Olson and Gawronski (2010) give a very useful overview of the issues. They ask “Why is it that some authorities, governments, administrations, and even entire regimes emerge from disasters more popular and politically stronger, while most appear to emerge less popular and politically weaker, sometimes fatally so?” They argue that the “often problematic political consequences” of a disaster can be seen as ‘‘Maslowian Shocks’’ (yes, that Maslow who drew in Native American philosophy for this hierarchy of needs). A disaster rips off the scab of governance (“strong revelatory components” as they put it) as the voting public analyze government performance along six dimensions: capability, competence, compassion, correctness, credibility, and anticipation.

Bodet, Thomas, and Tessier (2016) found support for the incumbent Calgary mayor increased after the devastating 2013 floods, albeit at a lower rate in those areas of residential flooding. However, they acknowledged flooded areas differed “systematically” from those areas not flooded “in ways key to the election outcome” (p.85): “When analyzed more conservatively, results show that the flood had no effect on incumbent support or voter turnout.”

Arceneaux and Stein (2006) looked at a Houston election (November) that followed their (June) floods of 2001. Voters did punish the incumbent mayor for the flood if they believed he/the city was responsible for flood prep. This expectation of responsibility was shaped by whether a voter’s neighborhood had been hit by flood waters, and their knowledge of local politics. Sainz-Santamaria and Anderson (2013) examined U.S. disaster preparedness spending between 1985 and 2008 and found increased spending in competitive counties. They advise caution in demanding increased DRR spending as the dollars may be put to electoral ends instead of public safety.

The literature seems to be dominated by US case studies. Vanderleeuw, Liu, and Williams (2008) provide a very interesting analysis of New Orleans mayoralty election, post-Katrina (a more reasonable scale of analysis than the race for president (pun intended…). They describe a 15.8% decline in registered African-American voters and a decline of white registered voters of only 5.1%. So, while a black mayor was returned, “whites clearly were in a better position than they had been to challenge black domination in New Orleans politics.”

(Strange language when taken out of context, so please go to the original paper if you wanna argue, and take it up with the authors. I’m just cutting and pasting…)

From the US again, Reeves (2011) identified a relationship between a state’s ‘electoral competitiveness’ and the likelihood and number of presidential disaster declarations. Reeves argues that “presidents use unilateral powers for particularistic aims to gain electoral support.” His findings are based on data drawn from 1981 to 2004, with this relationship existing since the 1988 Stafford Act which expanded presidents powers in declaring a disaster. (The Stafford Act also has implications for Native Americans on reserve. More on that another time). Reeves also argues the use of presidential powers in these events do have the intended electoral benefits: voters will reward presidents for declaring a disaster in their state, more than a one point increase in support.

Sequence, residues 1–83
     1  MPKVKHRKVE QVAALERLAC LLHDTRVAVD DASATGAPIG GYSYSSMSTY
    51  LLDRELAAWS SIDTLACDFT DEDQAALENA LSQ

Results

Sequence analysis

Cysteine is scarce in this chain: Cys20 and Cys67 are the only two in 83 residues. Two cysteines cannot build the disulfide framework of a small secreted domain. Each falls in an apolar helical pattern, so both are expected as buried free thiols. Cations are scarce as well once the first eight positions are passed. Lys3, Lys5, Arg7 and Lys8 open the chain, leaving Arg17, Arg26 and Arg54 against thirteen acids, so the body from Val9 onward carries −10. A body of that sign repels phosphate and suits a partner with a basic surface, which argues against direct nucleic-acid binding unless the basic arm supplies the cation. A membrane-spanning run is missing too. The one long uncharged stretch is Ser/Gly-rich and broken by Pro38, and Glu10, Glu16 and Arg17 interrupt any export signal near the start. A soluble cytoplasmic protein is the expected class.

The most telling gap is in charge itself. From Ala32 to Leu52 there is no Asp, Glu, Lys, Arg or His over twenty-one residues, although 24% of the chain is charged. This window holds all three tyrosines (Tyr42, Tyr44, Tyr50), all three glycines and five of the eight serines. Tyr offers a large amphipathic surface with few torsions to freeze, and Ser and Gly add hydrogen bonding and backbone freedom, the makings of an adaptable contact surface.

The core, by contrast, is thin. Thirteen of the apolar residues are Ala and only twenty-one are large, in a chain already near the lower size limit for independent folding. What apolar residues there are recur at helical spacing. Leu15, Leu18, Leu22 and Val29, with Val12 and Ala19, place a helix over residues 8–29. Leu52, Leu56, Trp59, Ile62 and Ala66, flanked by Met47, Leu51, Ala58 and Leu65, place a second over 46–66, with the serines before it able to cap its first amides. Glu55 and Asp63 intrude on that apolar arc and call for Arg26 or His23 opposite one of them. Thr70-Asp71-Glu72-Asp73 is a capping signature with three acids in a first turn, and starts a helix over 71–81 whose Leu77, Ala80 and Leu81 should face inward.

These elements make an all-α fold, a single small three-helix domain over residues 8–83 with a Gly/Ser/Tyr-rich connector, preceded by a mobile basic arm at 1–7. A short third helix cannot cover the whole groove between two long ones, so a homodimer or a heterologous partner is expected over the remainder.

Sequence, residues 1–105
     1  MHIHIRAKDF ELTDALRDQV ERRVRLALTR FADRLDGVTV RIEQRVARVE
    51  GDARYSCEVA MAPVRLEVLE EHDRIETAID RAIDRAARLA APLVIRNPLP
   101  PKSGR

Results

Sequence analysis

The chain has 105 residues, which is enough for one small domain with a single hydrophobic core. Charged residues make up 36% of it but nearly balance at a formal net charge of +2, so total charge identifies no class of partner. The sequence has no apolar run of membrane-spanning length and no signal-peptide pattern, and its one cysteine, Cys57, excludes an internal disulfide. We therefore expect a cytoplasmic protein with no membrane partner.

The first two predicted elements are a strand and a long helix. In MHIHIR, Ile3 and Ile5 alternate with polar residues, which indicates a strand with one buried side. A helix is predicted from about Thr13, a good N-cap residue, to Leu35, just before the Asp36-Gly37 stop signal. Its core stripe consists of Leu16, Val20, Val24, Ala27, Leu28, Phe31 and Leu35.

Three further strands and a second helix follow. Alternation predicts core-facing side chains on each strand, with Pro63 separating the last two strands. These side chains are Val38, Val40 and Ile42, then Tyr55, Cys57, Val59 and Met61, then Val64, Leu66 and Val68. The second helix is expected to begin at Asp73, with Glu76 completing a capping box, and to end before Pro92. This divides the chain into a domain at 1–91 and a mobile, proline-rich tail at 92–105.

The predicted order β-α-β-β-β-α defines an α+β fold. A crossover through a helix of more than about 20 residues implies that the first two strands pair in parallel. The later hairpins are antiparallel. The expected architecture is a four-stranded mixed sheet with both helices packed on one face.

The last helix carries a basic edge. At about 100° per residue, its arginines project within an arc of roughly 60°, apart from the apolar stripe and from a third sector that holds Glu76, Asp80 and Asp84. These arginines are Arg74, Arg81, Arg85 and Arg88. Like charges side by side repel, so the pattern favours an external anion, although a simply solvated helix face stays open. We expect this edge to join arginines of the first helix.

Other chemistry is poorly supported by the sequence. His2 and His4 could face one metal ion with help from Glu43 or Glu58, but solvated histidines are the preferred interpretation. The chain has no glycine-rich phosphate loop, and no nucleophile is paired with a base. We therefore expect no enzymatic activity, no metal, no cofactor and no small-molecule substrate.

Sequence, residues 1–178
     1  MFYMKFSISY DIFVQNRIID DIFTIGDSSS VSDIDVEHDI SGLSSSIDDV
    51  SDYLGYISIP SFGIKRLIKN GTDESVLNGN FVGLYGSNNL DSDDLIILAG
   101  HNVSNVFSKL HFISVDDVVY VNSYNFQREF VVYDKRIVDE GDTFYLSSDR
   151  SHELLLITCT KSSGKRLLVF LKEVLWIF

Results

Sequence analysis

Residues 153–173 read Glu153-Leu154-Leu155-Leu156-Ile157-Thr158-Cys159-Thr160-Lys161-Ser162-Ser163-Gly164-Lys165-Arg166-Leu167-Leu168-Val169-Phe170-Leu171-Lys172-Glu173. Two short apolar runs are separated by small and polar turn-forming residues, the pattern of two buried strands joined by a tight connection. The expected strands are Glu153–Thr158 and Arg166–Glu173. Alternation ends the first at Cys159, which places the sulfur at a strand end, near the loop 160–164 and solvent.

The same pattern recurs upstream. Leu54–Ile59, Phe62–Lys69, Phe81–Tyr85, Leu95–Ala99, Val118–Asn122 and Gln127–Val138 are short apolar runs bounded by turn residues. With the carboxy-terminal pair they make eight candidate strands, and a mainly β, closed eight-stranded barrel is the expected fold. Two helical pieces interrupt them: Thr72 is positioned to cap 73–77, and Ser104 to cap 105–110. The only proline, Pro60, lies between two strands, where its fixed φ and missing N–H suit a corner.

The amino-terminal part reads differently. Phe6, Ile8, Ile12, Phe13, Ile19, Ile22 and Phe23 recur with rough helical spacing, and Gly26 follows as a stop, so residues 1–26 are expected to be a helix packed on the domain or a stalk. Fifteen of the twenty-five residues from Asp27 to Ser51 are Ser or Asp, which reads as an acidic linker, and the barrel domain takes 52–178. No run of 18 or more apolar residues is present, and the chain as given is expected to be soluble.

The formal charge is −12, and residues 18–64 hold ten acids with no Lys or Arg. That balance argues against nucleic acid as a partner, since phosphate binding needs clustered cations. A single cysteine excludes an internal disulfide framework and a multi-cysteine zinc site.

But what about Australia?

MacLean (2016) in one of the more entertaining papers I have read, hypothesizes the processes and transition of governmental power in a Zombie apocalypse. He argues that, at least in the initial stages, a zombie apocalypse will see coordinated emergency management from the three spheres of Australian government. But as the zombies spread across Australia, he predicts “that both the rule of law and effective communication networks will break down”. In this situation, the Commonwealth government will struggle to “project its power” and resistance will default down to the “effective use of people and resources” at the State and then regional or local government levels. And like any B movie, “[i]n the worst-case scenario, all the current recognised forms of government may fail and survival will depend on new polities created out of desperate need.”

Cold comfort indeed.

In answer the question, ‘Will the wildfires lead to a change of government In Australia?’ I’d have to kick for touch and say maybe. The next election will undoubtedly feature climate change, and many new leaders will arise, as we have seen in NZ through the Green Party. I do think PM Morrison is on shaky ground and whether he survives to lead his party into the next election is another matter, and down to the seething mass of jealousies and aspirations within his own party. I like the six dimensions provided by Olsen and Gawronski: capability, competence, compassion, correctness, credibility, and anticipation. From a distance, I’d rate the Australian government as C+, C-, C-, B-, D, and D respectively.

There's very few Indigenous voices to be heard in all this. 

Time to break out the Mad Max memes?


Abney, F. G., & Hill, L. B. (1966). Natural Disasters as a Political Variable: The Effect of a Hurricane on an Urban Election. American Political Science Review, 60(4), 974-981. Retrieved from doi:10.2307/1953770
Arceneaux, K., & Stein, R. M. (2006). Who Is Held Responsible When Disaster Strikes? the Attribution of Responsibility for a Natural Disaster in an Urban Election. Journal of Urban Affairs, 28(1), 43-53. Retrieved from doi:10.1111/j.0735-2166.2006.00258.x
Bodet, M. A., Thomas, M., & Tessier, C. (2016). Come hell or high water: An investigation of the effects of a natural disaster on a local election. Electoral Studies, 43, 85-94. Retrieved from doi:
MacLean, R. (2016). Unnatural Disasters: Emergency Management in a Time of Zombies Part I: Refereed Articles. Canberra Law Review(1), 47-62. Retrieved from
Olson, R. S., & Gawronski, V. T. (2010). From Disaster Event to Political Crisis: A “5C+A” Framework for Analysis. International Studies Perspectives, 11(3), 205-221. Retrieved from doi:10.1111/j.1528-3585.2010.00404.x
Sainz-Santamaria, J., & Anderson, S. E. (2013). The Electoral Politics of Disaster Preparedness. Risk, Hazards & Crisis in Public Policy, 4(4), 234-249. Retrieved from doi:10.1002/rhc3.12044
Vanderleeuw, J., Liu, B., & Williams, E. (2008). The 2006 New Orleans Mayoral Election: The Political Ramifications of a Large-Scale Natural Disaster. PS: Political Science & Politics, 41(4), 795-801. Retrieved from doi:10.1017/S1049096508081018

Tuesday, June 18, 2019

I'm still a long way from Aotearoa, a long way from the Te Moana Nui a Kiwa, the Pacific, but am re-immersing myself in the Maori Economy, so to speak. This scandal over Maori pepi and Oranga Tamariki is best explained by Professor Leonie Pihama, ...

Our people have called for generations for the halting of Māori child removal. Our tūpuna  shared with us their visionary aspirations for future generations, their dreams for us to hold to our self-determination, to live on our lands as whānau, hapū and iwi,  to know who we are and to live our lives as Māori.

Simon Lambert